The SBH team compiled this report to inform the Honourable Ambassador of the Federal Republic of Germany in Botswana of the use of the Embassy funded Marimba instruments at the Springboard Humanism Organization (SBH). We sincerely thank the German Embassy for funding the marimba set of instruments to our organization. The report begins with a general note about the day-to-day usage of the instruments by our SBH-based RAD students, the SBH staff and Youth Club members. We will proceed to give a full report of a special workshop which we organized for participants from a neighbouring RAD village. Since the instruments are in full use in the organization, we can clearly perceive evidence of the development of marimba playing in all participants.
We have formed a marimba band consisting of SBH staff members and our students from the RAD villages, this band practices once a week and the participants can now play a couple of songs to quite a satisfying level. The Limited frequency of marimba lessons is deliberately set to ensure that students still have sufficient time to focus on their Junior Certificate studies. Collaborative music practice between SBH staff and students has helped to strengthen friendly ties between staff and students. The SBH Youth Club members receive marimba lessons twice a week and their ability to play in harmony continues to improve. Miss Helming the Weltwaerts Volunteer teaches Marimba techniques to all participants with enthusiasm and patience. In the process she bonds with the staff and students and learns Setswana language and traditional songs.
Workshop with RAD participants from Serinane Village
Serinane is a Remote Area Dweller settlement about 40 km west of Molepolole. Children from Serinane were invited to take part in a three-day marimba workshop at the SBH premises. The marimba workshop ran from the 9th – 11th December 2015. It was held at the SBH premises and participants were accommodated in the hostel. They were provided with 3 meals per day and snack during the workshop period. The Workshop was facilitated by SBH volunteer, staff and students.
Originally, when the SBH team visited Serinane village, the Remote Area village (RAD) to recruit participants for the marimba workshop, they expressed that they would give preference to young women, who are out of school and unemployed. This group would match the target population of SBH. However, in the Kgotla meeting, the chief and other village advised us to be open to admitting young women or men, who are out-of-school, are unemployed and engaged/interested in social activities of the village. They recommended responsible youth, who would pass on marimba music skills to younger people in the village. The village elders discouraged us from choosing school going children, because they are not always available to attend workshops.
However, efforts to recruit the recommended young out-of-school, unemployed people for the workshop were hampered by the fact that there had been a tragic accident involving a truck of students from RAD villages and the village administration was involved in the resolution/handling of the matter. There was also consistently bad network and so communication between the village and SBH was poor. Therefore five RAD school-going boys were recruited at short notice, being the nearest possible participants.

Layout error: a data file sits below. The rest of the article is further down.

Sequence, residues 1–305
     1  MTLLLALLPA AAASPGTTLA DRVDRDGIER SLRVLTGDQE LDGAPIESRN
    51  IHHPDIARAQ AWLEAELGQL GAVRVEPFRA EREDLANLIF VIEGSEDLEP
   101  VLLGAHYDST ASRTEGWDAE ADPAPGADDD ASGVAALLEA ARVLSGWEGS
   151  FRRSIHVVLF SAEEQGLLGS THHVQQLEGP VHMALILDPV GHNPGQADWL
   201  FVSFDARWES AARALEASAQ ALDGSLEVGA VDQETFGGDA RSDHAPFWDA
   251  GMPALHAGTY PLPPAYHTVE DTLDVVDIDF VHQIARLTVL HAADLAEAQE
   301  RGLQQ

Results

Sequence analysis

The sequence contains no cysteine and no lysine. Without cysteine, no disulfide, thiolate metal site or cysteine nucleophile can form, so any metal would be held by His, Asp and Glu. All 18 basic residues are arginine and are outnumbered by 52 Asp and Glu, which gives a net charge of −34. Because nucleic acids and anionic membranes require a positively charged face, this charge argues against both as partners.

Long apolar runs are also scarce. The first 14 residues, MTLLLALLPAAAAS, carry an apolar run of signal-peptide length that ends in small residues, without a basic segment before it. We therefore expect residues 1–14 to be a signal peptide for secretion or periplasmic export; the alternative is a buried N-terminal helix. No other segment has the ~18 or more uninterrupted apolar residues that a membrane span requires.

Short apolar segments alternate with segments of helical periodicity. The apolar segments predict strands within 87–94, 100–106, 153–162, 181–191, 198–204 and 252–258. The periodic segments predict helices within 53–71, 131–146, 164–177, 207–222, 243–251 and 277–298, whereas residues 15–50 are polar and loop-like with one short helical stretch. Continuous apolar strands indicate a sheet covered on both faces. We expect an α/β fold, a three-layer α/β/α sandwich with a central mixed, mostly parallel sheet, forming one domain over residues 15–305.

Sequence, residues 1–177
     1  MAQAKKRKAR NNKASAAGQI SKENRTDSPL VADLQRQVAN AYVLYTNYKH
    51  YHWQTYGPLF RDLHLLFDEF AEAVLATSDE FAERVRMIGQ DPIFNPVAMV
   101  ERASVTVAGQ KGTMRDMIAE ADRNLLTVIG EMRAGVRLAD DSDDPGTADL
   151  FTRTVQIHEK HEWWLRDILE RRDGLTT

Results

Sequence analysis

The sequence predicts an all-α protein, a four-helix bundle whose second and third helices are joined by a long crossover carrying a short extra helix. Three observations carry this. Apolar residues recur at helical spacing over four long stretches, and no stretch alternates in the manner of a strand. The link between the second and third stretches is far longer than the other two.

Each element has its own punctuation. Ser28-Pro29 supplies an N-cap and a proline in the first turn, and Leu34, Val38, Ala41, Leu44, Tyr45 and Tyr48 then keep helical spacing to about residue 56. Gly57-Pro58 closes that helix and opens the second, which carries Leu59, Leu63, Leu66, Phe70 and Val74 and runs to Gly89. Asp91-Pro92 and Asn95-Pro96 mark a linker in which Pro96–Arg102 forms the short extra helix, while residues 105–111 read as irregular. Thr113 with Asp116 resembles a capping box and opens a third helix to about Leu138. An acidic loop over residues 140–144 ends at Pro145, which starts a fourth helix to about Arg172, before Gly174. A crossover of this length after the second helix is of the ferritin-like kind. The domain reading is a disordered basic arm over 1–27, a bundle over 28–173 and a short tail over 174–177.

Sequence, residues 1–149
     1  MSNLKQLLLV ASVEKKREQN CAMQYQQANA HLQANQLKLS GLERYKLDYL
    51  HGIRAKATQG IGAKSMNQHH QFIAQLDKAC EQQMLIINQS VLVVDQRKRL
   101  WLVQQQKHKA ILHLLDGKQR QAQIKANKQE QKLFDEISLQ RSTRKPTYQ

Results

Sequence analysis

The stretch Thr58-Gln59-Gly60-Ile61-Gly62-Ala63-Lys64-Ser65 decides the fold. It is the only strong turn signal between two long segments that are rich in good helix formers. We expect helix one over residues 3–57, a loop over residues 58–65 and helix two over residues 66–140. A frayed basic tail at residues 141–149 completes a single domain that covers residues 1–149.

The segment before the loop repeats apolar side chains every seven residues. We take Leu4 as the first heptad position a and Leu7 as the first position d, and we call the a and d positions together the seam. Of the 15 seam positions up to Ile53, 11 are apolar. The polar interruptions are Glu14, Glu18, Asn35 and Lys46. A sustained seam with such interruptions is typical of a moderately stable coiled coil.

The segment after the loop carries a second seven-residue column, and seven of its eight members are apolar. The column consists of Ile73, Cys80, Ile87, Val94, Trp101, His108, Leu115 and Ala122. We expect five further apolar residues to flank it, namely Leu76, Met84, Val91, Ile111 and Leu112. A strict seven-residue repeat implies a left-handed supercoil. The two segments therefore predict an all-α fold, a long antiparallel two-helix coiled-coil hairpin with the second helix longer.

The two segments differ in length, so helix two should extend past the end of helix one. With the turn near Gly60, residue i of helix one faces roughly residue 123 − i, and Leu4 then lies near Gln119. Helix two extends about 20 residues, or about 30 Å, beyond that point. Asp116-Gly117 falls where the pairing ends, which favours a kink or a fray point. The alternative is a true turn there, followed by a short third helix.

Given the above reasons, participants for the SBH marimba workshop consisted of 5 boys aged between 9 and 15 years, coming from the Remote Area Dweller village (RAD) of Serinane. Letters for consent were given to caregivers to sign and return to SBH as the boys were all minors. The chief of the village and the VDC members actively assisted in the recruitment of the participants. In order to reach SBH’s target group, a future workshop is planned in which “out of school” young women/girls from the same settlement are specifically invited. A bigger effort is to be made to recruit in time and to recruit the target population.
Day 1, 9/12/15
The participants arrived within the scheduled time. After having introduced the workshop participants to the SBH program and principles, participants were given a chance to introduce themselves. Sophia Helming, the Weltwaerts Volunteer and workshop facilitator, introduced the marimba instruments to the participants, demonstrating the sounds and saying the names of each of them. She held a session on how learners should conduct themselves in the marimba room and care for the instruments. Additionally, the rules were printed out and pinned on the wall of the room additionally copies were handed to the boys to be filed in their marimba booklet. This introductory session was followed by presentation of a complete song on the marimbas by SBH staff, the presentation served as an inspiration for the participants as well as a familiarisation with the sounds of the marimba. The performance showed how individuals needed to coordinate the different instrument to create a harmonious melody.